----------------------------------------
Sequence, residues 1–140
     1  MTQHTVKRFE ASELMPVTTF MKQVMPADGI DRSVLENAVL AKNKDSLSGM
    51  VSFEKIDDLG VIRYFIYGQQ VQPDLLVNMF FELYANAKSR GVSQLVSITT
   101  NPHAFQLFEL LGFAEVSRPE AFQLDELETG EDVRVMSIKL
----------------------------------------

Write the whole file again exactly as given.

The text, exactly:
Sequence, residues 1–140
     1  MTQHTVKRFE ASELMPVTTF MKQVMPADGI DRSVLENAVL AKNKDSLSGM
    51  VSFEKIDDLG VIRYFIYGQQ VQPDLLVNMF FELYANAKSR GVSQLVSITT
   101  NPHAFQLFEL LGFAEVSRPE AFQLDELETG EDVRVMSIKL